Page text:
Chris Hipkins has done an excellent job on the control freak front. Yes, school boards stay with the powers they already had, sort of, but my word, has he given the politburo the rest.
Schools no longer control their rolls. That’s to be in the hands of a new division within the education ministry. Principals are up for more training, potentially not a bad idea, but once again, based on his obsession that the troubles of a few need to involve the inconvenience of everyone. Trustees might get some training, same ideological nonsense applies.
This is all based on his theory that the trust between schools and the ministry has broken down, that schools are struggling and all its going to take is a great big dose of Hipkinism to sort it all out.
Reality check for Chris: most schools are fine.
Most schools think they’re underfunded, but that’s because our expectations have gone through the roof and a whole raft of social issues and baggage has been wandering through the school gate for years now
There’s to be a free disputes resolution service, all of that’s fine, but the big question is on the school roll, who goes and who doesn’t and how does the new branch of the government decide.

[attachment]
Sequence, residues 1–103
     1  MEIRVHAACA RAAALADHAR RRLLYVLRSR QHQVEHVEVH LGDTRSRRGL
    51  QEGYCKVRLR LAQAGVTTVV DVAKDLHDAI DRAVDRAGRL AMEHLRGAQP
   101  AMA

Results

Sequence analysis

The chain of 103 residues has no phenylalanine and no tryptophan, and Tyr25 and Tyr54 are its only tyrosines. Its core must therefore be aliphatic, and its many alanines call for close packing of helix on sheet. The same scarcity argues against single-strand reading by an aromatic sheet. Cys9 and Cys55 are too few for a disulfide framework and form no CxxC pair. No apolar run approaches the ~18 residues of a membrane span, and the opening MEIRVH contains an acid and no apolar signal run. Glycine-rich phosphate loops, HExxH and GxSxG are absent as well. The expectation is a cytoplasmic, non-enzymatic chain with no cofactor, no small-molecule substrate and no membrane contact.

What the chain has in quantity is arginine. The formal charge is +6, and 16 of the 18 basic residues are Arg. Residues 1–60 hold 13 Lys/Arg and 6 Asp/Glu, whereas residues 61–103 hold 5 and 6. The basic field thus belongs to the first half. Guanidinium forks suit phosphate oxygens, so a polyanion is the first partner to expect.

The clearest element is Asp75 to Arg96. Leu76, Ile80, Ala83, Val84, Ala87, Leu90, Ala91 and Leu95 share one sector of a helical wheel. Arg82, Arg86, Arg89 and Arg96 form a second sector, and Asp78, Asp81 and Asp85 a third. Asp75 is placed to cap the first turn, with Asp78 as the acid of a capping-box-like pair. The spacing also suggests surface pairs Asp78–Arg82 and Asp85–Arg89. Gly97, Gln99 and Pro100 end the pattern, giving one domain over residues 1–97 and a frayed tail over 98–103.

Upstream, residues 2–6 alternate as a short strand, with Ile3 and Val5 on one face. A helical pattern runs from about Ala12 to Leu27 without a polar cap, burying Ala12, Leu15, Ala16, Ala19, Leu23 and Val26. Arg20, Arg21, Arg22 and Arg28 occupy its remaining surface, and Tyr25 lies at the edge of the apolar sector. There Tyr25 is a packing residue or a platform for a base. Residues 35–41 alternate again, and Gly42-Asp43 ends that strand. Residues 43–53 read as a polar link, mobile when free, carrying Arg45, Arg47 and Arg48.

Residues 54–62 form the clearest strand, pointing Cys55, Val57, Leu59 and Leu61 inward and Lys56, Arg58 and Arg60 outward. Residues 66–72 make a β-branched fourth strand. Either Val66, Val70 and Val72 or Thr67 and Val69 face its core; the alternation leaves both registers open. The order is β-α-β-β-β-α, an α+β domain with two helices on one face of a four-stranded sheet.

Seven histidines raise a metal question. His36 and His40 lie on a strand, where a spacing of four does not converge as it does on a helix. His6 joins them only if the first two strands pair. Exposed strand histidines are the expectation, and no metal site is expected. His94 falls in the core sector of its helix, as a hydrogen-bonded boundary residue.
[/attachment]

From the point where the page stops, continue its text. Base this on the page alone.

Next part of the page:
Here’s the trouble with zones: good schools get to cherry pick because supply outstrips demand. Property prices move because people buy into areas of good schooling. Poor schools can’t fill rolls, kids who can’t move get stuck with poor education.
Take a zone away, good schools still win because they cherry pick from all over town, no longer burdened by a zone.
The trick of course, and Hipkins will agree with this, is make all schools good schools. But you can’t, not by doing what he’s doing, not with the unionism involved, not with the blind belief that Wellington knows best.
Moving school property out of the control of the school is an issue as well. One, it takes the maintenance headache out, unless of course the ministry doesn’t do their job, so go ask any hospital whether that’s an issue. And two, schools make a variety of decisions around property or otherwise based on the needs and desires of their local community.
Hipkins now wants us to believe none of that matters, that Wellington knows best. They claim this is the biggest education shake up in 30 years
No argument there. It is without doubt one of the most dangerous decisions made. It’s an ideological decision. It a decision that shows little if any respect to good professional educators and trustees.
No, boards might not be moved to a hub, that is a back down, but given you no longer control who comes through your gate, that is something the Chinese would be smiling at.